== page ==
This time of the year should be a time for growth & rest for coaches on every level. Whether you’ve coached 30 years or are starting your first job in August, you need to grow. If you’re one of the coaches that knows it all & doesn’t need to get better, its time to retire.
Growth doesn’t have to come in the form of drills, Xs & Os or philosophy. You can grow as a professional by learning from other areas. I recommend reading books on leadership & business. Email me @ email@example.com & I’ll give you some authors I highly recommend.
Hopefully we all want to come back a better coach just like you expect your players to come back better. You need to examine mistakes you’ve made. Most of us remember a play we wish we’d have made an adjustment on or something we should’ve worked on more. To be a truly successful coach, you have to know yourself. No one knows you like you do. I use this a lot. “Don’t take advice from someone with nothing at stake by giving it.” Listen to yourself but know how to talk to yourself as well.
Here are a couple of areas I think EVERY coach has to work on.
1. Don’t compound a mistake
We’ve all seen it. We’ve all done it. A player makes a mistake & the coach is livid. The coach is screaming at the player during action and at the first dead ball, substitutes for the player so he can get all over him. All that did was make you look like an idiot. Did it change what happened? Did your player do it on purpose? You can’t answer yes to either of those questions. If you answered yes to the second one you have bigger problems than mistakes to worry about.
Don’t compound a mistake. Attacking a player after a mistake is as bad as ignoring it. That type of action can’t never happen. Did you catch the double negative in the last sentence? That’s the reminder of compacting a mistake. Don’t do it. If you want to be mad, be mad at yourself. The mistake formed in practice because you didn’t prepare your team for that situation.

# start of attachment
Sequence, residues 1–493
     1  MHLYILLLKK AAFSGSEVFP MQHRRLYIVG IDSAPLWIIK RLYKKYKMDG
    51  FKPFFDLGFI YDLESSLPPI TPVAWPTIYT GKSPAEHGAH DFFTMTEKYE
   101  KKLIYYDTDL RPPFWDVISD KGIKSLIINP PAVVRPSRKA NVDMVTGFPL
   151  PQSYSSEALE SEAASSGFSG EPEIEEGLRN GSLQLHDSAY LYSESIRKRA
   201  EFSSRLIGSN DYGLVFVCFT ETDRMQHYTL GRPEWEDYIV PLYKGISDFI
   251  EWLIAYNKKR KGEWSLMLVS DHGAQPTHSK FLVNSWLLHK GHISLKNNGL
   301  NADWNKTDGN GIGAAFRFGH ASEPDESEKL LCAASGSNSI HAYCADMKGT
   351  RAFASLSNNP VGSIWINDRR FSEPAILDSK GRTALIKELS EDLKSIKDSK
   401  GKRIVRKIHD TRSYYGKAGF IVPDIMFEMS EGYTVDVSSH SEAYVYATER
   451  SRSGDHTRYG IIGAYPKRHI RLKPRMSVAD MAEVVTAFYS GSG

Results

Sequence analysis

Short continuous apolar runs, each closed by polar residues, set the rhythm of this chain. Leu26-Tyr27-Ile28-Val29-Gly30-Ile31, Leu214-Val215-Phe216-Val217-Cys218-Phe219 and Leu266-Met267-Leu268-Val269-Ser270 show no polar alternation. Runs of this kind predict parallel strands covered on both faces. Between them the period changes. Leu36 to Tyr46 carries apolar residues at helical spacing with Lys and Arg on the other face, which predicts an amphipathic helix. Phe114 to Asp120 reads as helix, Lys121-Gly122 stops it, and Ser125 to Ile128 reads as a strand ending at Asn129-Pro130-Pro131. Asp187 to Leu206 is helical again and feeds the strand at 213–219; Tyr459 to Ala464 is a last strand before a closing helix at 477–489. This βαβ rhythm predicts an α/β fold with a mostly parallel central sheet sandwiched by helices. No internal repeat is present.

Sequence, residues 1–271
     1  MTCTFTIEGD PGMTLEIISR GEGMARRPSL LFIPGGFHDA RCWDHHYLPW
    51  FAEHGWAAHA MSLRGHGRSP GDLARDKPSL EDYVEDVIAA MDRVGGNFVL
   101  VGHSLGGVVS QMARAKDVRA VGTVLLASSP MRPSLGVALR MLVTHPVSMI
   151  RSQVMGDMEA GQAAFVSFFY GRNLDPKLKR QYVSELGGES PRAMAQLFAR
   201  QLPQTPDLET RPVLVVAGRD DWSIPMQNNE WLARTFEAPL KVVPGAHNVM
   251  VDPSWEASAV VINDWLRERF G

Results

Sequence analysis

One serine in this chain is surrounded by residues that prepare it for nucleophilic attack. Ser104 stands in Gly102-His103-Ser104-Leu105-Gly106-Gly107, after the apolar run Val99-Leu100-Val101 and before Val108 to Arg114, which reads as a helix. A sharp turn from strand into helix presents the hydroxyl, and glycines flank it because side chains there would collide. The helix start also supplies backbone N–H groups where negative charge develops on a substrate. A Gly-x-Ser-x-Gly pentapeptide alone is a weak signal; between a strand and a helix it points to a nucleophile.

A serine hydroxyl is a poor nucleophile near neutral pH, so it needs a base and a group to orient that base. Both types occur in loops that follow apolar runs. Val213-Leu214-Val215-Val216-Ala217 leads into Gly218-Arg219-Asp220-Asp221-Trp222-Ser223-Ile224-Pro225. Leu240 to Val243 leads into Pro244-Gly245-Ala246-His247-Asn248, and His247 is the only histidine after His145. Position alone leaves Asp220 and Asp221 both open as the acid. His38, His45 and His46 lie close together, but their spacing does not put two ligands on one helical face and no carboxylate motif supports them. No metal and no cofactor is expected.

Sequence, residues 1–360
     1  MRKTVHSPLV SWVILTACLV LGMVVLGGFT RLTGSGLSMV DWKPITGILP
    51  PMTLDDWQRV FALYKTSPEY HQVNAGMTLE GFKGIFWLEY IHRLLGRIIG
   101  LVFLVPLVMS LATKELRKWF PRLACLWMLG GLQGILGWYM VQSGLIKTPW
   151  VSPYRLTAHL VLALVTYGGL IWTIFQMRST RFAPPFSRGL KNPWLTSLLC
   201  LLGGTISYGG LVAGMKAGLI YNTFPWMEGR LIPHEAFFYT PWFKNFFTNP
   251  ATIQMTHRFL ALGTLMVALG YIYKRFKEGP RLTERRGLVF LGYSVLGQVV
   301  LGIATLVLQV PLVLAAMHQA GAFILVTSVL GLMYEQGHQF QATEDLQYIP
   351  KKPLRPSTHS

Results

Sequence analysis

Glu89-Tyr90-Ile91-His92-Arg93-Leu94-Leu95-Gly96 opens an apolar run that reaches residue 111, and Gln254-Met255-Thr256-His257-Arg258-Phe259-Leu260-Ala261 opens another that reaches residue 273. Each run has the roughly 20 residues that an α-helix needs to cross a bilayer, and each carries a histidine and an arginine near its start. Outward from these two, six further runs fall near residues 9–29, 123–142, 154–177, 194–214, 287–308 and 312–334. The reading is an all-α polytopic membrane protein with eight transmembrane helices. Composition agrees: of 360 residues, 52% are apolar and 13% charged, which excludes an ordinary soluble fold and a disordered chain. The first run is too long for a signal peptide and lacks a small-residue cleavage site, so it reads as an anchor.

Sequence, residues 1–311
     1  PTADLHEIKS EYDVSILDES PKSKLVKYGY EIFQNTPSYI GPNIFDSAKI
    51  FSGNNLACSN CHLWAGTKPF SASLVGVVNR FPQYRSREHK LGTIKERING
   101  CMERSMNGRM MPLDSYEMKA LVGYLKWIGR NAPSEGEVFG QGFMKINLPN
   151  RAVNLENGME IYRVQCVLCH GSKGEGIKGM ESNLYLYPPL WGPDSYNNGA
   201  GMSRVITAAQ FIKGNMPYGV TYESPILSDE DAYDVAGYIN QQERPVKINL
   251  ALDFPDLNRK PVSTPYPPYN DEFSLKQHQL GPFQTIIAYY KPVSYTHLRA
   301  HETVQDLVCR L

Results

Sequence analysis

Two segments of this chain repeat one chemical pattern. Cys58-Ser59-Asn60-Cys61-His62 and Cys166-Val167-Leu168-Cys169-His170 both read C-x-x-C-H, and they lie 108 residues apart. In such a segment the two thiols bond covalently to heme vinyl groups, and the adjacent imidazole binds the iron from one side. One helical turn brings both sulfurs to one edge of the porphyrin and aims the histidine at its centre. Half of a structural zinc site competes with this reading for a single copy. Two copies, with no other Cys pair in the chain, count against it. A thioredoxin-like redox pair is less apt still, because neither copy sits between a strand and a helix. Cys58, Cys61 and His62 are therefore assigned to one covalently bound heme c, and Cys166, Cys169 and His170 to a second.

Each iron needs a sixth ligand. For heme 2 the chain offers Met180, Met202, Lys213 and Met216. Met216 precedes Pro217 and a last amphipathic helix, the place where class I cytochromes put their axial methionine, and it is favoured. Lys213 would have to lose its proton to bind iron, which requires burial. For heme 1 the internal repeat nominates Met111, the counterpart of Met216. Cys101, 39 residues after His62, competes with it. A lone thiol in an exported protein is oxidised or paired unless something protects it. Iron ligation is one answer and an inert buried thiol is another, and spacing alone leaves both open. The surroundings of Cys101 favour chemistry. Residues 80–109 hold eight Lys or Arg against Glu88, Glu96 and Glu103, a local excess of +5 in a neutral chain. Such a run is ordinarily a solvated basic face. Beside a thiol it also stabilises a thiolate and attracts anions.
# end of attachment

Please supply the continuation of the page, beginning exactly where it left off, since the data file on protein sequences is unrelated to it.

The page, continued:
2. Learn to talk to officials
This is the simplest but hardest thing for coaches to understand and become good at. It’s a relationship. Seriously. You need them or its PE & they don’t have to like you. Depressing isn’t it? I’ve decided to hate every official; that way I don’t have to be let down by the good ones or shocked by the bad ones. I say that half-heartily but that’s kind of how coaches approach it. We all have to do a better job, both coaches & officials, of talking. We’ve all been on the side where we are attacking the rim & no whistle to be followed by a hand check called on our end. Or you’re playing a zone & they’re in the bonus already while they’re playing full court man & haven’t fouled yet. I could keep going but you get the point. Some of you are angry now remembering a similar situation. Ever seen a judgment call overturned followed by a technical, in the state tournament?! Grrr…
The problem we all face is how we talk to officials. Most, hopefully will talk to coaches. They don’t want to be showed up anymore than you want to be ignored. Ask what they saw. If they don’t answer, move on. Talk to their partner. The most important thing to remember is this. You have to get through that game. Afterwards, call the assignor, send film in but you owe it to your team & yourself to manage that game.
3. Pick the hill worth dying on
This is the most important thing in my opinion. Know which fight to fight. In almost every situation you care more about the gym floor than anyone else on campus. Knowing that, when the principal lets Student Council have a blood drive, or a pep rally has an egg toss know you’re probably not winning your argument. Just be proactive. Put a tarp down. Suggest other things or locations. Offer to help set up so you are there to protect it.
In the south, basketball is the sport between football & spring football. The only reason they don’t play HS football on Sunday mornings is so the preacher wouldn’t have to decide where to be because everyone knows where the congregation would choose to be at. That’s never going to change. That’s only a problem if you see it as one.
Fight for your program. Demand excellence from yourself & players. Let the rest fall into place.
Please contact me at firstname.lastname@example.org. I’d love to hear from you.
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